If you can’t beat ’em… go F2P?

I think Jack Emmert is a bit of a dolt at times and his games often reflect what he says.  His most recent comments are up on Eurogamer and this time he’s talking about subscription games and how they relate to, I guess, why CO is changing tracks to be F2P.  Interesting enough, Jack is very right about something: Quality matters.  That’s right, if your game isn’t as good as World of Warcraft then why would you expect people to play it?  DUH!  That’s if you’re trying to make a game that competes directly with WoW.  That’s where much of what he says unravels.  The WoW-type of MMO isn’t the only one out there and people are often looking for niche games to fill a different need (look at EVE).  That’s one aspect of this, but there’s a bigger issue here.

Jack sounds a bit defeated.

“You’re skating up hill if you don’t offer a free-to-play option,” Cryptic Studios head Jack Emmert told Eurogamer. “You’re skating up against World of Warcraft and theoretically SWTOR. That’s your competition. And unless you think your games are as good or better than those – because you also have to overcome their reputation – it’s going to be highly unlikely a large number of people, meaning 200,000-plus, are going to be willing to subscribe to your game.”

In other words, if you’re going to make an inferior game then expect to fail.  I guess that explains Champions Online?  That also supports just about everything I’ve been saying about about F2P being the “Plan B” or second class quality option.  If you’re going to make a WoW clone and you don’t offer something competitive then you’re going to be second rate and if you’re going to be second rate you’re not going to make money.  If you’re not going to make money then go free to play because that’s the quantitative route to success. If you’re not willing to fight that uphill battle then you might as well surrender now or never even show up to the fight — that sounds like loser logic to me.

He even makes mention of Dark Age of Camelot and why it hit the 200k+ mark as well as his own City of Heroes being close behind: They weren’t EverQuest.  That’s exactly right Jack! You see, he’s contradicted himself.  On one hand he’s saying it’s not even worth trying to compete, just go Free to Play.  On the other he’s actually being insightful and pointing out that DAOC and CoH were different enough to appeal to a different audience and fulfill a niche, thus being a success (DAOC being the bigger success because it offered even greater alternative).  The latter is, in my opinion, the right way for the industry to go.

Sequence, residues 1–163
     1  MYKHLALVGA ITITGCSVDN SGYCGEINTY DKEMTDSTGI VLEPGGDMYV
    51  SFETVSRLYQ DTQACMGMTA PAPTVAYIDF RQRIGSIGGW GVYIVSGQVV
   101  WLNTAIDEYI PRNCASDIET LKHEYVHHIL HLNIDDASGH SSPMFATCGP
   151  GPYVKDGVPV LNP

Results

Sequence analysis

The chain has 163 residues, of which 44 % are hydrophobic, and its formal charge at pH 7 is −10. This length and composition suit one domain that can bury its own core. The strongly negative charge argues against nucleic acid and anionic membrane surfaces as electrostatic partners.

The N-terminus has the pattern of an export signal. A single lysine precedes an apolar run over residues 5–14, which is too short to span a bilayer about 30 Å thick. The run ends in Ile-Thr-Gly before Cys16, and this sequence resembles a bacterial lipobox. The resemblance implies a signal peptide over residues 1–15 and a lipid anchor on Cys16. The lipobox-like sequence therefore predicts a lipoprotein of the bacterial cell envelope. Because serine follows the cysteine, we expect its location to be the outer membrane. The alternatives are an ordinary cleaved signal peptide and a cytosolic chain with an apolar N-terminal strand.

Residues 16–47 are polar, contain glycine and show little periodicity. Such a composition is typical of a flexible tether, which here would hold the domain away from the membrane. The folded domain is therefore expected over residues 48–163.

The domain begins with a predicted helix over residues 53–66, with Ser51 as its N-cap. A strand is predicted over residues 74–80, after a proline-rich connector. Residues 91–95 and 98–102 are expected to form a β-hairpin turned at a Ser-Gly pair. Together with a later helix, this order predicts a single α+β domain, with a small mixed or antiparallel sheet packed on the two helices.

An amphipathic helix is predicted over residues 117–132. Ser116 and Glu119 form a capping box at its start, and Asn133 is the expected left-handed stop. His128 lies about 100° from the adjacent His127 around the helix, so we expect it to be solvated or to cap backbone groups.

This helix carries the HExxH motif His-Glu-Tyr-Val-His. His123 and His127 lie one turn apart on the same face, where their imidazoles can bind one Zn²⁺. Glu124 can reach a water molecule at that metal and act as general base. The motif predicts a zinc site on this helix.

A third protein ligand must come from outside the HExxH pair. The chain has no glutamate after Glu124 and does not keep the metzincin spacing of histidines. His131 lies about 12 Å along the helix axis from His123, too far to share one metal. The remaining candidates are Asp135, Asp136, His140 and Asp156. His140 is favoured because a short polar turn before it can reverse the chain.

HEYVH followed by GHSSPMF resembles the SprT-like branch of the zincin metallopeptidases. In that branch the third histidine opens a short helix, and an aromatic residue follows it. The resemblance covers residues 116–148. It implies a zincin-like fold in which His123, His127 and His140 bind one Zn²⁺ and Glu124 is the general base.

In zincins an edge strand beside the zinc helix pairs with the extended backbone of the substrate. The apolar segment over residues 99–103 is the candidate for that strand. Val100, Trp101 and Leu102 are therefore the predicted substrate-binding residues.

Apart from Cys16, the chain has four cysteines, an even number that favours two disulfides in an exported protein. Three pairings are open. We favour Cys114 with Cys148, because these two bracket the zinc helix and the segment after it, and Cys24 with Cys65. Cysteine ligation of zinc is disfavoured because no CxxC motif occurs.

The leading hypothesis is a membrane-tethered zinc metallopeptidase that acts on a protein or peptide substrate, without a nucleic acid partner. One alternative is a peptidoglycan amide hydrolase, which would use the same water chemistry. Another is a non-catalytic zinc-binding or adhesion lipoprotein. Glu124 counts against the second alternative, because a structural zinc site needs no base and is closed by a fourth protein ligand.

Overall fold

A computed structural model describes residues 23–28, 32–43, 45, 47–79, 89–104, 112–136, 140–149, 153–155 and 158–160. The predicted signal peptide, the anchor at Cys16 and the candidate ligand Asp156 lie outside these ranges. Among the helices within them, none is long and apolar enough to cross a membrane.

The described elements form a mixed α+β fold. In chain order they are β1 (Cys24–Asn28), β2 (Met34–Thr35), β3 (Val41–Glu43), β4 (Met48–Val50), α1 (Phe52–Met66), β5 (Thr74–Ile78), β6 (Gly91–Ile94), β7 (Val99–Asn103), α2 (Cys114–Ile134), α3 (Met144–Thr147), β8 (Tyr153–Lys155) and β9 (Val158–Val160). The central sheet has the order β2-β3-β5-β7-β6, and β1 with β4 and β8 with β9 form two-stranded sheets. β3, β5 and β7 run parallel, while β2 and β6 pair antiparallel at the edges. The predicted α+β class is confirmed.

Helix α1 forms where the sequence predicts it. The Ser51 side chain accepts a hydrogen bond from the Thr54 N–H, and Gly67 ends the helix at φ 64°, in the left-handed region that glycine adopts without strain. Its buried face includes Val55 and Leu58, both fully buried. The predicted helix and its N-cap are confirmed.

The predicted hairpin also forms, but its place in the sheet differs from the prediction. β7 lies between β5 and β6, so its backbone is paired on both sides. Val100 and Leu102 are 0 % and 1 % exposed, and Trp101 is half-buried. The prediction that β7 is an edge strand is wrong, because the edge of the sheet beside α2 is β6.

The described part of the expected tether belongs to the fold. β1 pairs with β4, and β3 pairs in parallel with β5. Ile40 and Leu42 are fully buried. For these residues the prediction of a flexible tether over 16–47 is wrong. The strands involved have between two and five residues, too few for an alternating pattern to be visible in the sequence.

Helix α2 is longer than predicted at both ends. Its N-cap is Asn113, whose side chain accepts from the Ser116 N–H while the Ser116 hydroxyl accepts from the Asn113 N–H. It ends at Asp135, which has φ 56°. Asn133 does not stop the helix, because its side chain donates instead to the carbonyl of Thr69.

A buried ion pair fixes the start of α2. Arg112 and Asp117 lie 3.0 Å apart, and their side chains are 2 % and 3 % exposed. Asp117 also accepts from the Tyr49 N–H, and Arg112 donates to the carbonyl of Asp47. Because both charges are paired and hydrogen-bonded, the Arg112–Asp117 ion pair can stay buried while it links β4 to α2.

He’s right though, as dismal as the loser logic sounds.  If you can’t do it right then do it F2P.  It’s better that way.   Those who want to just jump into something like that can do it for free and those who want quality can play the subscription games.  The only problem here is that eventually we’re going to need other options in the subscription market.  WoW won’t last forever.  SWTOR at this point is still up in the air and subject to the same “If it’s not as good as WoW” criteria.

Curt Schilling said something I like in an interview with UGO:

We’re not making a game for everybody either because when you make a game for everybody, you end up making it for no one. I know what we love, I know what we want, and the game that I’m playing is growing into being what we set out to make.”  […] “We won’t launch free-to-play. That makes no sense.” […] “Given the feedback that we’ve gotten and in a lot of focus testing that we’ve done, people will pay a subscription if they believe that they’re getting their money’s worth“.

That’s the right direction and the surest way to see success. That’s also the way to create a successful game in this “oxygen deprived because of WoW” industry.  Offer something that is different — something you’re making because it’s the game you want to make and not a WoW clone — and make it for a specific group of players and not a game for everybody.  Then avoid the F2P model.